Michael Lesiecki from MATEC Networks in Arizona explains, “Our industry partners are seeking a more entrepreneurial type of knowledge worker… one who understands the creative and innovation processes. I think this is why we need to integrate STEM and the arts.” Community College and high school CTE programs should target STEM initiatives including grants to build STEM consortia and networks, teacher recruiting and professional development, CTE-STEM-ARTS integration and online learning. A special emphasis should be placed on the intersection of network and information technology (NIT) with the arts, cyber security, games and simulations, health, energy, transportation, environmental science, physical science and health science.

Model TEAMS initiatives include Valencia Community College arts and entertainment program, Indian River State College, Clark Magnet High School, Orlando Tech gaming, and Ohio’s TEAMS model. A key differentiator for CTE will be to emphasize a systems perspective including movement through the process of concept, design, implementation and operations (CDIO) in relevant technical and engineering programs.

CTE programs should work to organize knowledge into a system-of-systems similar to Marcopa Community College’s eSyst—an emerging model of systems technicians displacing antiquated electronics programs. Learn more at the Massachusetts Institute of Technology CDIO program, the Society for Design and Process Science, and the Franklin W. Olin College of Engineering.

Middle- to high- skill workforce education initiatives should be emphasized in CTE, including a greater focus on adopting practices, professional development and curricula from the NSF Advanced Technology Education programs. Learn more about these high rigor CTE-STEM programs at the upcoming Hi-TEC conference, NSF ATE program grant site or at ATE Centers online.

——

Jim Brazell is a technology forecaster, public speaker and strategist focusing on innovation and transformation. Since 2003, Jim has authored several emerging technology forecasts and briefs in addition to consulting on international technology innovation strategies in Portugal and the U.S. In October of 2011, Jim will deliver the keynote speech for the National Career Pathway Network conference in Orlando, Florida. Jim’s mentor and collaborator is Dr. (Col.) Francis X. “Duke” Kane who was recognized in March of 2010 as a catalyst of the global positioning system (GPS) among other achievements. Jim and Duke are the co-founders of spaceTEAMS in San Antonio, Texas, targeting the first person to walk on Mars to be from San Antonio.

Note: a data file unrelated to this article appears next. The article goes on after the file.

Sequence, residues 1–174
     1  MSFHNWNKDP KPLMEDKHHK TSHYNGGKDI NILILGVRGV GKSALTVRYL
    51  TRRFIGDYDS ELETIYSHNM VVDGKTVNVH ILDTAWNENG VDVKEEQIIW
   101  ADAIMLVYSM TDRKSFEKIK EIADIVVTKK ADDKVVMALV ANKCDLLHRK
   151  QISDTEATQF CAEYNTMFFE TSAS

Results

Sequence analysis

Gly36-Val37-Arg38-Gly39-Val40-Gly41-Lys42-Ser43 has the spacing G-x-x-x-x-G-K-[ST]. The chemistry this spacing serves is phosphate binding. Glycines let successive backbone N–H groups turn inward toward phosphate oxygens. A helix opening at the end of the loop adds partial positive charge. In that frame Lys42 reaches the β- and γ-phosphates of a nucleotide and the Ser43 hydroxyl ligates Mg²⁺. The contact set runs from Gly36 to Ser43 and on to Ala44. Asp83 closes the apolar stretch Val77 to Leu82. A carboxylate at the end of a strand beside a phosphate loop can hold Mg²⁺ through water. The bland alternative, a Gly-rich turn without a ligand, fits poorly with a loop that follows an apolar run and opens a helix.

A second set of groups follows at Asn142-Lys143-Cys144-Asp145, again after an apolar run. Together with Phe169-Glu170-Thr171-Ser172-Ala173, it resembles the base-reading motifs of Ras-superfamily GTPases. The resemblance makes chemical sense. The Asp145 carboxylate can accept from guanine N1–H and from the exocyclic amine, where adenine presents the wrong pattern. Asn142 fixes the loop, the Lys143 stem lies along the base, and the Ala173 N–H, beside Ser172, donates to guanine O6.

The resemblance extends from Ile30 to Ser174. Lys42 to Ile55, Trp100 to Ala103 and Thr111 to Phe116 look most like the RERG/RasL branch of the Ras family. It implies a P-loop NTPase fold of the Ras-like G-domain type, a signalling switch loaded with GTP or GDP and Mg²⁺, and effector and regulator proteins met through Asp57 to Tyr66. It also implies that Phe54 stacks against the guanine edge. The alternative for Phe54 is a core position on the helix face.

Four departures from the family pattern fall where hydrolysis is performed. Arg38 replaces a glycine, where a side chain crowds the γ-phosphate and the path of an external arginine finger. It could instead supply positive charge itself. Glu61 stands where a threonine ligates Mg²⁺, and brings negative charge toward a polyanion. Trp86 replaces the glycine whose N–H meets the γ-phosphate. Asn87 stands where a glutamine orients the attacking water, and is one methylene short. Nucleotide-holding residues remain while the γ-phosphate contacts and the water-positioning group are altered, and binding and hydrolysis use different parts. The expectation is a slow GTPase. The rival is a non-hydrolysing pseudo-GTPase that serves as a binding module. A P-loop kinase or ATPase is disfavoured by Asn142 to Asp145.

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4 Responses to A Sputnik Moment for Education: The Role of CTE and Arts in STEM Innovation

  1. Jim Brazell says:

    1 Example of the case for STEM and Arts from an industry perspective – Livingstone-Hope Skills Review recommends major changes to UK video games and visual effects education

    The Livingstone-Hope Skills Review released today, and backed by NESTA and Skillset has claimed that the UK games business has the potential to generate £1 billion more sales by 2014, but that for this to happen, major changes need to be made to the current educational system.

    The report looked at both the video games and visual effects industries, and their relation to STEM education in schools; identifying the fact that “there are severe misalignments between the education system and what the UK video games and visual effects industries need”. In carrying out the survey, the authors surveyed a huge number of parents, young people and teachers to gauge their views on the skills and subjects required to work in these two industries, principally, “a lack of understanding of the importance of maths, physics and art” was identified among them.

    In-depth interviews were also undertaken with over half of the UK’s video games and visual effects industries employers, and many of them revealed “a real dissatisfaction with the talent pool available in the UK”, meaning they are often forced to recruit from overseas instead.

    More worryingly, although the report specifically focussed on two industries: video games and visual effects, the findings showed that the deficiencies of the educational system uncovered through this investigation could actually have much wider ramifications upon the UK’s entire “high-tech creative and digital industries more generally”.

    The report made 20 recommendations across the talent pipeline, ranging across 1) Schools, 2) Universities, Colleges and Vocational education, and 3) Training and continuous professional development. A few of these recommendations included: